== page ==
These last three chapters raise again the problem of whether a completely un-archaeological history of the Archaic period (in any region of Greece) is still possible. Seelentag is an excellent and original historian, and his is a great work of synthesis of some very difficult source material. But at times his reliance on one literary source is discomfiting. Take Ephoros' account of how Cretan youths are initiated into their andreion, which is the main text for chapter 12. Here Seelentag seems simply to accept Ephoros' account that the young men accept gifts of military dress, a cup and an ox, which is to be sacrificed to Zeus. But this account is at variance with the iconography we have from two sanctuaries where this kind of initiation might have taken place, the Dictaean Cave and Kato Symi. Here bronze plaques published and discussed in some detail by Angeliki Lebessi  clearly show that hares and agrimia (the Cretan wild goat) are much more prominent than bulls as the 'love gifts' that seal the bond between two young men. Such iconography emphasises, as Ephoros' account does not, the importance of hunting and of wild animals in the ritual process through which young men become citizens. In the final chapter too much emphasis is placed on the notion of an Archaic Greek 'aristocracy'. While I agree with much that he says about what made Cretan oligarchies distinct from mainland ones, it really is no longer possible to believe in a primordial Greek 'aristocracy' comprised of a clique of hereditary kin groups monopolising not only wealth but political office.  Aristeia is more of a performance, with clear material outcomes, one that stems not from the security of belonging to an established social and political hierarchy but rather from acute status anxiety in a culture that was ranked but not stratified. Seelentag is right however to see Crete as being unusual in Archaic Greece in having a clear and established hierarchy, a fully stratified social and political order. This requires an explanation, and he comes up with a good one. But it is an explanation needs to be more fully explored in relation to the material evidence.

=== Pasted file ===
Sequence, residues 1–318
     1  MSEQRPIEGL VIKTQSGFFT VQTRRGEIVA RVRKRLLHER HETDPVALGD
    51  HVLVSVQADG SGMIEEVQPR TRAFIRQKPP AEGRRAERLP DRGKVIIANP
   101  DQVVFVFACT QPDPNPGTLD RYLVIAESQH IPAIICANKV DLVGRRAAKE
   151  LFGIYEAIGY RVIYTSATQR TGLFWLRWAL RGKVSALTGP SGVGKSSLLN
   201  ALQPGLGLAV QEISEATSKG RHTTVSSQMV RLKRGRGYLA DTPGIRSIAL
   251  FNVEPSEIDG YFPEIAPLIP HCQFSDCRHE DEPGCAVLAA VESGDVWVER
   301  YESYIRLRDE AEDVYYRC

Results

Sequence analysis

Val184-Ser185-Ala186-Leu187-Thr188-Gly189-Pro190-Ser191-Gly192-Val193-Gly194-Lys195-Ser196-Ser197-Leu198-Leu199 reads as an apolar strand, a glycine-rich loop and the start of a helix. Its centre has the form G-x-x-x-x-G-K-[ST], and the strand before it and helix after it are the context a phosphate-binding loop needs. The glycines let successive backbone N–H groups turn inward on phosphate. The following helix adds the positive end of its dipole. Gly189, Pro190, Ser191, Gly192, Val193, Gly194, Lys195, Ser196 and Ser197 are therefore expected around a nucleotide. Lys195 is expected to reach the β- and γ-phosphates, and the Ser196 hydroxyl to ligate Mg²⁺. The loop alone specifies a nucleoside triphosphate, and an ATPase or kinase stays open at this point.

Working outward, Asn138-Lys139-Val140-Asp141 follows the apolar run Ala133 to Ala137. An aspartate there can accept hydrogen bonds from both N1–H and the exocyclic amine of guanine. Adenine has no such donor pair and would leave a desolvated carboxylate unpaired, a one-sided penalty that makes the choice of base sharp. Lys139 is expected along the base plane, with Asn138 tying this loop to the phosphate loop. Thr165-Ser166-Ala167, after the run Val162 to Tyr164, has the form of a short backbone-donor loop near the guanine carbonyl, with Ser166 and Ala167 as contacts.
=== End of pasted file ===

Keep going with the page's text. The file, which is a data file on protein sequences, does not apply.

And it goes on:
I'm not sure I have done justice in this review to the range, subtlety and complexity of Seelentag's arguments. This is an original and important contribution to our understanding not of on Archaic Crete but to Greek history in general, and deserves to be widely read. I fear that it will not be simply because it is written in German and not in English. Once upon a time Anglophone scholars prided themselves on their knowledge of the principal language of Classical scholarship. But this is no longer the case. The scholarly world would greatly benefit from an abbreviated, English version of Seelentag's great work, preferably with many more illustrations.
 O. Pilz and G. Seelentag (eds), Cultural Practices and Material Culture in Archaic and Classical Crete. Berlin and Boston: Walter de Gruyter 2014. Reviewed in sehepunkte 15 (2015), Nr. 2: http://www.sehepunkte.de/2015/02/25963.html
 In particular S. Wallace, Ancient Crete: From Successful Collapse to Democracy's Alternatives, Twelfth to Fifth Centuries BC. Cambridge: Cambridge University Press 2010.
 E.g. P. Perlman, 'One-hundred citied Crete and the Cretan 'politiea'', Classical Philology 87 (1992), 193-205.
 A. Lebessi, Το Ιερό του Ερμή και της Α φροδίτης στη Σύμη Βιάννου I: Χ άλκινα Κρητικά Τορεύματα. (Βι β λιοθήκη της εν Αθήναις Αρχαιολογικής Εταιρείας 102). Athens: Archaeological Society of Athens 1985.
 A. Duplouy, Le Prestige des Élites: Recherches sur les modes de reconnaissance social en Grèce entre les Xe et Ve siècles avant J.-C. Paris: Les Belles Lettres 2006. See now N. Fisher and H. Van Wees (eds), 'Aristocracy' in Antiquity: Redefining Greek and Roman Elites. Swansea: Classical Press of Wales 2015.